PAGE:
When you don't have the money to buy a nice watch and need to resort to buying a replica or fake, you want to give people the impression you've achieved something you really haven't.
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      07-10-2014, 11:20 AM   #329
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Quote:
Originally Posted by P1et View Post
When you have the money to buy a nice watch, the last thing you're worried about is what others will think of you, now that you have a nice watch. Chances are, you are probably confident in your person because you've achieved a few things. In other words: other things probably changed you, such as a college degree, a nice job or something material such as a nice suit or some proper shoes. In other words: you already are who you are. A nice watch is a luxury item. You purchase one because you celebrate having achieved something in order to afford it. You'd be surprised how few people know about nice watches, and I'm speaking of the general public here. I get quite a few "nice watch mate" comments when I'm at the airport. When they ask what kind it is and I tell them Breitling, 90% of them have not heard of Breitling before.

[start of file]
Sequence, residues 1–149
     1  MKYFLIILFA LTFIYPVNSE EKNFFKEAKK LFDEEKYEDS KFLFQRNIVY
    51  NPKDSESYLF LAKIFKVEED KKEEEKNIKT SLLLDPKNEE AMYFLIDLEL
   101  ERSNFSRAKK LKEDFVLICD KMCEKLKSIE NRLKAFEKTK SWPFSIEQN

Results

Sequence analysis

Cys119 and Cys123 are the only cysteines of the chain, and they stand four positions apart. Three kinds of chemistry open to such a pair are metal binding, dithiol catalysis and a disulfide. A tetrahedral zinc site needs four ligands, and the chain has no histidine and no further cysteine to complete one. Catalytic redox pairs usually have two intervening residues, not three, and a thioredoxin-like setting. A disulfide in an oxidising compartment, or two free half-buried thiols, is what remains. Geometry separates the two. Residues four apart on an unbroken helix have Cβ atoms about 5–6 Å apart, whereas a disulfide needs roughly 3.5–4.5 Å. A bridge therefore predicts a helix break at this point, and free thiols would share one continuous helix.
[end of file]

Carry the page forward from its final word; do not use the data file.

When you don't have the money to buy a nice watch and need to resort to buying a replica or fake, you want to give people the impression you've achieved something you really haven't.
Exactly. Let's say I have >100s of acquiaintances and just a few friends.
Not even those few friends 'know' I have a new/other watch(I'm wearing 99/100 sleaves most of the time of the day also summertime...) and they know I sometimes wear a Seiko and sometimes something else(more expensive, they do not care)

When going out(poloshirts whatever), in general nobody notices it at all.
Only on (watch)forums...

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Robin
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      07-10-2014, 12:25 PM   #330
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Quote:
Originally Posted by Robin_NL View Post
When going out(poloshirts whatever), in general nobody notices it at all.
Only on (watch)forums...
It's true, nobody notices watches other than watch people.